March 12, 2024

Why I’m Leaving the Door Open to Love.

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Over the course of my lifetime, and the 25 years I’ve spent in romantic relationships, I’ve had six serious relationships longer than two or three years.

While some of these relationships fizzled, ended abruptly, ended disastrously, or ended in graceful parting, I didn’t fully open up to the idea of reconnection until the last few years.

Call me a hopeless romantic, but I’m sure many of us have seen the film “The Notebook.” I love that movie and how it’s based on a true story of the loving, 60-year relationship of Nicholas Sparks’ wife’s grandparents. In the movie, Noah lives his life and builds his dreams while always keeping a door open to Allie’s return.

While I do believe there are good reasons to close the door on disastrous relationships and toxic partners, there are also beautiful opportunities for learning and growth by leaving a door open to partners I may have shared an amazing journey with.

I’m finding myself on a new spiritual journey, a massive transformation, and an evolving relationship with my partner. We test each other in countless ways, as she and I share wisdom constantly and openly together. I am grateful for the lessons and our unconditional love.

She has taught me more about presence than anything else on earth—being in the present moment and leaving the door open to the future, for we know not what it holds.

I had a hard time seeing things this way as my world has been full of control and predictability. Fear drives me to make sure that the ride is smooth, when in reality, fear inhibits the distance I can travel on this journey and also limits emotional openness to enjoy and experience the sweetness and bitterness that life has to offer. It’s all about the journey—not the destination. 

I have looked at the world through a narrow scope of right and wrong, good and bad, and black and white. My partner has repeated to me that the world isn’t black and white, and I have really come to accept that. For I know deep inside that the reason we find ourselves in challenges is to overcome them.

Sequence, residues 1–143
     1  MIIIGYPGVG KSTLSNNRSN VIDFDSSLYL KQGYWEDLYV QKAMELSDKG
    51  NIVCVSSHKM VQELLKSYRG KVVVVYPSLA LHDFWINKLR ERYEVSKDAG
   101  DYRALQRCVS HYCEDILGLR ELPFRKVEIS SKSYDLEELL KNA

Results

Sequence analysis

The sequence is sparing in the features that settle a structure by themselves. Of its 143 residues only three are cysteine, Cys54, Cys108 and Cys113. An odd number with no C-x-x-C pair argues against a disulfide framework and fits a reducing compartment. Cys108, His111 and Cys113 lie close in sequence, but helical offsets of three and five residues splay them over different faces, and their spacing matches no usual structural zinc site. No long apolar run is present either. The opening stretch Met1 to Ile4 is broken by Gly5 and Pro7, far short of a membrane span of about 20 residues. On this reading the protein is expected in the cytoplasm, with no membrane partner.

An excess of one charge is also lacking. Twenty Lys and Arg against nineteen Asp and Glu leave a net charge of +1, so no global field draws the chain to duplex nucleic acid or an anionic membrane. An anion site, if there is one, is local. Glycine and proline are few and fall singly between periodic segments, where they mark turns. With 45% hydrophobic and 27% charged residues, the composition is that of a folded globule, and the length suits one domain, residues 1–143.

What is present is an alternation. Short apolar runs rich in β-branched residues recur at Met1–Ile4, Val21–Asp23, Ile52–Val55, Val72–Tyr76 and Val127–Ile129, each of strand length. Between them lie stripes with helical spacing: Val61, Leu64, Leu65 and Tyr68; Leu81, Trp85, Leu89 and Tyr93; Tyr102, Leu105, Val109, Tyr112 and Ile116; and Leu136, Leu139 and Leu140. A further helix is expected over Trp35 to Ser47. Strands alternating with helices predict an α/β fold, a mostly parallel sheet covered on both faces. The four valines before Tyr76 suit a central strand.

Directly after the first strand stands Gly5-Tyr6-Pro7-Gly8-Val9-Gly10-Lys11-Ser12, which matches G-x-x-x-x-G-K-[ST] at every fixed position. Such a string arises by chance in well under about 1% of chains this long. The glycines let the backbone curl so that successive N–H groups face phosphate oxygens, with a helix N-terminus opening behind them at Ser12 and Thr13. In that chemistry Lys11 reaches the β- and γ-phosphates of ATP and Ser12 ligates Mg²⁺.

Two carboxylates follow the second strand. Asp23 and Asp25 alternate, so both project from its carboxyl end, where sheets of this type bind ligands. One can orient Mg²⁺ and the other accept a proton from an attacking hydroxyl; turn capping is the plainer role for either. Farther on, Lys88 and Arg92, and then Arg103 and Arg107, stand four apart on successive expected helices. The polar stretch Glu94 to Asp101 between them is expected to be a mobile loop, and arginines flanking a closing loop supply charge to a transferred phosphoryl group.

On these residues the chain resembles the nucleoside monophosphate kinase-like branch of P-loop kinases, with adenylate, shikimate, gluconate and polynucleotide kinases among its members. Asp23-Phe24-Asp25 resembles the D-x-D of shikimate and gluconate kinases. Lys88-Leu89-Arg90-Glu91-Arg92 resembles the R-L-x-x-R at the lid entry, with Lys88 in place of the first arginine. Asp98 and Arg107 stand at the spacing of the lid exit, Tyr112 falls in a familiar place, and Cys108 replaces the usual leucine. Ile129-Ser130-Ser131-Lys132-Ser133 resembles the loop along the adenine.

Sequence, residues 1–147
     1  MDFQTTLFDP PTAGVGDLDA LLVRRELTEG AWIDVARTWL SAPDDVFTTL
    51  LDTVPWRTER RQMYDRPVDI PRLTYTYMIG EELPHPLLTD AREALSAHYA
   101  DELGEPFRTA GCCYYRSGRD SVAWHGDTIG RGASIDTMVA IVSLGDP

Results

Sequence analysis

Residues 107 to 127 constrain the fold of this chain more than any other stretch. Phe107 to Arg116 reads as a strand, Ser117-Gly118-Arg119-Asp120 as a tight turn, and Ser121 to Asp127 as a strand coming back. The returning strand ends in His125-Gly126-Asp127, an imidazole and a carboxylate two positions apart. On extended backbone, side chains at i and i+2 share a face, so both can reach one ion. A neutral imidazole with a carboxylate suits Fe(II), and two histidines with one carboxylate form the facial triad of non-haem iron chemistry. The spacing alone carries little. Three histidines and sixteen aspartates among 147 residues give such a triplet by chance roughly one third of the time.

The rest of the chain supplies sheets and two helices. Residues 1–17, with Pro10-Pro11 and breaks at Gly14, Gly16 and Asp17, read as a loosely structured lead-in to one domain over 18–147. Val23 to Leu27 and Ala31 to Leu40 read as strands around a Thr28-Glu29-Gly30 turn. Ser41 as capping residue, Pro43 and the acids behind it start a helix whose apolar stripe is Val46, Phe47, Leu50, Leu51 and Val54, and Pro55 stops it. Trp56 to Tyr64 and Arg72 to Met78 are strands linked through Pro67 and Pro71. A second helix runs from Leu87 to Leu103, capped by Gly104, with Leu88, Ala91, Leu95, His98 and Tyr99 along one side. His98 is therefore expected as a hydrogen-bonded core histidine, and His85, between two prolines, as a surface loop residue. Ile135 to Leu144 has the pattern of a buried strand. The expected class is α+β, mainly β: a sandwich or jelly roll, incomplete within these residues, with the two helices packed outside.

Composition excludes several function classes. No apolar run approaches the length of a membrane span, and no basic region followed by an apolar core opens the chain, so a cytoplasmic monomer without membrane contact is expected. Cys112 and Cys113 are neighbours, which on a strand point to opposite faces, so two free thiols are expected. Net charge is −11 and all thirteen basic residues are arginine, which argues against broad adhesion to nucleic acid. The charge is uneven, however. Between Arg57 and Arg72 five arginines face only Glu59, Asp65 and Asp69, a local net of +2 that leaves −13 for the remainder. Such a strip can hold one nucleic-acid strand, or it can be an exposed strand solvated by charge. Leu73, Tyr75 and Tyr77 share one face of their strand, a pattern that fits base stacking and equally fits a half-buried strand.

Now, there is challenging love and toxic love. Toxic love is there for us to recognize the dangers, grow strong, and develop healthy protections against it. But challenging love is there for us to face and work through as each issue arises. True love will challenge me to grow over the course of my lifetime, like Noah and Allie, or my own grandparents.

I had a discussion with my grandfather the other day. He’s going to be 90 this year, and he said that grandma and he still argue and have little challenges here and there. They’ve been married 65 years and still love each other immensely, and yet, he said the challenge and the growth never stop.

With a strong partnership filled with honesty and unconditional love, I can always leave the door open for infinite possibilities. Maybe they are my soulmate, maybe they are my best friend, maybe they are a good friend I can call on later in life, and maybe they are all of the above.

I won’t limit myself to a closed life—I’ll leave the door open to love.


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